A couple of years later, you will overcome your fear of public speaking and impostor syndrome, and give your first speech to a packed auditorium at this very conference. Don’t be afraid of rejection when you send out conference proposals – soon you’ll be invited to speak, and you’ll have many more conference appearances in different countries with presentations and training sessions. And in a few years, you’ll be a lead researcher at the Global Research and Analysis Team — and you’ll be surprised at how dreams come true. But then again, you aren’t dreaming, you just know where you’re going :).

It’s never too late for anything

Dear Ilkem,

This is your future self, just dropping by to offer you some hard-earned advice.

I’ve been working for many years in the sales field and I’m now the general manager for Kaspersky in Turkey. This role requires me to be the locomotive of the whole team, and the locomotive never has a chance to stop, or even slow down, because if the locomotive slows down, the train slows down. It’s really about analyzing people, making sure my team is inspired, being a good role model, being fair
and transparent, communicating effectively, being with customers, being with PR, being on the stage in the field. It’s a very outgoing and social job. It also requires
to make good analysis of the market and resources, prioritization and effective business planning. As you can see with so much responsibility absolutely requires
a multi-tasking skill. As I enjoy such diversity and possess these characteristics, it’s a very fitting role for me.

But let me tell you something. I was probably around 28 or 29 when I found myself
in sales. It’s never too late for anything. After studying economics, then working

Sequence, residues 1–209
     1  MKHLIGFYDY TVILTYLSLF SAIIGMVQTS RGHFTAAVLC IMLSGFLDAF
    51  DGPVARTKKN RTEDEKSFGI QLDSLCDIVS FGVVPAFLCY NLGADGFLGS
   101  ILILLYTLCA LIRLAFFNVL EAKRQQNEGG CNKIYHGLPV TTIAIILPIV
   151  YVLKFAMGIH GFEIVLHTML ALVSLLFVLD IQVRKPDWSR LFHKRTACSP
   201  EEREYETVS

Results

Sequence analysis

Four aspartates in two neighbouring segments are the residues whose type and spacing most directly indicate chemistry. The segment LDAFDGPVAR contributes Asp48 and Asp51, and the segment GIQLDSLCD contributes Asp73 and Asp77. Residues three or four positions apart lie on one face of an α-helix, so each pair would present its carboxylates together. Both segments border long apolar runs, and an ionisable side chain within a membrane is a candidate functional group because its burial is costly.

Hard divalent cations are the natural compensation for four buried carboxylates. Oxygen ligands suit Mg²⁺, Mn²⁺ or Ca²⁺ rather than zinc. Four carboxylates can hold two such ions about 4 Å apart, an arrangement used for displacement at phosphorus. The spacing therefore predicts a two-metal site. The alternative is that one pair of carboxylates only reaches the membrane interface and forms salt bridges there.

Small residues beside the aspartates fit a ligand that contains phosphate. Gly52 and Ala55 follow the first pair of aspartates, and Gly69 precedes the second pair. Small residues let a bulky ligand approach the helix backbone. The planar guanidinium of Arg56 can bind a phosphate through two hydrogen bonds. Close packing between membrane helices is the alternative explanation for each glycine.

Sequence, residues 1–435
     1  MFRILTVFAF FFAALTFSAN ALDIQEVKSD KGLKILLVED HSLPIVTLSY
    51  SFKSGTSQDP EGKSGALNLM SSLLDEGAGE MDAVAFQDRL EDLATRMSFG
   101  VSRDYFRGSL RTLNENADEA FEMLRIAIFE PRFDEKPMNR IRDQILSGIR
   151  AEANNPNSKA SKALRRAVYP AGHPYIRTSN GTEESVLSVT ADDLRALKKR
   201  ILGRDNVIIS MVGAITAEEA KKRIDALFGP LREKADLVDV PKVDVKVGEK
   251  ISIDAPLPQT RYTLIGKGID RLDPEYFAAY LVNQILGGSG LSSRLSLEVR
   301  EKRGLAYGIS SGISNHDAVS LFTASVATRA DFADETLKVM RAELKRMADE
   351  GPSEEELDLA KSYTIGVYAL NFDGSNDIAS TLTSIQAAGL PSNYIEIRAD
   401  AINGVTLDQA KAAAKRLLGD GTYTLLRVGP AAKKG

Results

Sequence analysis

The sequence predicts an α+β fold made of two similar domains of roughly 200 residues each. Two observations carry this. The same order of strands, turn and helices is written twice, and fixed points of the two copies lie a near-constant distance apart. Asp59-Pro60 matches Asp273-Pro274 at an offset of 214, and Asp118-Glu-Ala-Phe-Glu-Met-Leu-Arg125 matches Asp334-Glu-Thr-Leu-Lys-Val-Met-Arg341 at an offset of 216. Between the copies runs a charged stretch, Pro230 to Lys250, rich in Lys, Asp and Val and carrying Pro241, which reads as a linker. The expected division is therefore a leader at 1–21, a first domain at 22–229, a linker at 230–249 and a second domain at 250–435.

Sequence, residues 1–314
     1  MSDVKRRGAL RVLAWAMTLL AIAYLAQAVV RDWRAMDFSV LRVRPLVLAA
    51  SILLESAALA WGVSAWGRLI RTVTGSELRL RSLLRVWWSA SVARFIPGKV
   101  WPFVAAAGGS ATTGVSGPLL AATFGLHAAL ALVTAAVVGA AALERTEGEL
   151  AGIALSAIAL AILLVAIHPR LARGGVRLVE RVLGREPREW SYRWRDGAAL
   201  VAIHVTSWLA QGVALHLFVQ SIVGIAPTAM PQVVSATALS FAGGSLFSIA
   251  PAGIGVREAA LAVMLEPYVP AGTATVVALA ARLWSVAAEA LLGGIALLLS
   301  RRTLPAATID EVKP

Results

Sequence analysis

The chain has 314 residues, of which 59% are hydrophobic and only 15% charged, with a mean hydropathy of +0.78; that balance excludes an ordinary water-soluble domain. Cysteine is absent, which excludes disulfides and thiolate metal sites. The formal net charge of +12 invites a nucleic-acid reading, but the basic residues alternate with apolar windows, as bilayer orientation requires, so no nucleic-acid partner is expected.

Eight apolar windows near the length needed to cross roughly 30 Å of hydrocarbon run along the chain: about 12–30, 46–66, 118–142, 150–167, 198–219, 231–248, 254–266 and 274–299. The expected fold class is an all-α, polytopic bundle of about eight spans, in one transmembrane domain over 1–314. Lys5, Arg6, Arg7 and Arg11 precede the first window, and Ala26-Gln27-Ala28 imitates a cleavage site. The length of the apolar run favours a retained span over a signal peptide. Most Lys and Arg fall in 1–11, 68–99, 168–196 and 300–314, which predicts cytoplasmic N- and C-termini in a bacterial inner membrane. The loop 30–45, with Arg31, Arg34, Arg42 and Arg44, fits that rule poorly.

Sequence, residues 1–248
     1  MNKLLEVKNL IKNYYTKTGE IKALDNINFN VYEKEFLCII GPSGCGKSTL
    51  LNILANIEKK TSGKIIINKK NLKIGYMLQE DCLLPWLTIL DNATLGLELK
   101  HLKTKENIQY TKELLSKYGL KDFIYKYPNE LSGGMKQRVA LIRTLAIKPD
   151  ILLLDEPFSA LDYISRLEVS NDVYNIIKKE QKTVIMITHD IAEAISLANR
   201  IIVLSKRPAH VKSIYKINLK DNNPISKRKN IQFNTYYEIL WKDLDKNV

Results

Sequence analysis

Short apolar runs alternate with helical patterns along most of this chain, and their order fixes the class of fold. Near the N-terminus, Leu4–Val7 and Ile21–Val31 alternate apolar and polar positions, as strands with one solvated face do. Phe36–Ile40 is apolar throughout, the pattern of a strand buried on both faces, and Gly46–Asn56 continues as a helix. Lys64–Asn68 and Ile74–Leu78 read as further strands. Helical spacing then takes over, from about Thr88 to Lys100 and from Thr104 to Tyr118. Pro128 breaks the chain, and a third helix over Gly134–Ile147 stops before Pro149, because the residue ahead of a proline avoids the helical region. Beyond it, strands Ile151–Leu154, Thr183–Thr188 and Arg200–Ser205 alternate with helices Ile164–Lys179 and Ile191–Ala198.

at a bank, I ended up doing a business course, which allowed me to get a job in sales and marketing.

Right now, you dream of becoming a brain surgeon. But you get bored when you do the same thing for a long time. You need variety, speed. This is an advantage in many fields, but not for a surgeon. A surgeon should not be multitasking. They go into
an operating room for eight hours straight and need to just focus on one thing
and not get distracted. But you’re a very good student, you’ll be able to change direction if you want to.

Your schoolwork is very important, and so is achieving good grades. But to grow
and develop, to be able to really understand what you want in the future, you need to be more social, and also to question what you are learning or reading.

When you read the news, or when your teacher or elders tell or ask you something, you tend to accept this as correct, however there may be different perspectives. My advice is to try to always see a problem from multiple aspects and also try
to develop your writing skills, your analytical skills – and not only at school. It’s hard because as teens, we do get influenced by our parents, our close environment, our friends, our teachers.


Yes, it’s important to get into the top percentile and score great grades, but that’s really just the foundation. It’s more important to try to really understand what you excel in, what your strengths are, and try to go down that track instead of just following people’s advice about what constitutes a good career or how to develop. Try to explore what you want, where you feel happy, what kind of skills you have, what you enjoy, and try to choose a track that fits these skills or these wishes. If you don’t like it, you’re not going to be successful, and that won’t turn out to be a good track.

Listen, of course, but always question what you learn and what you hear, and question yourself. I’m not saying that you should lose confidence in yourself, but just have the courage to really understand who you are and what you are good at. You may be very smart and you may be very talented and very successful, but it’s your skillset, the special capabilities you have, which is going to determine where you will be more successful in life. 

Good luck!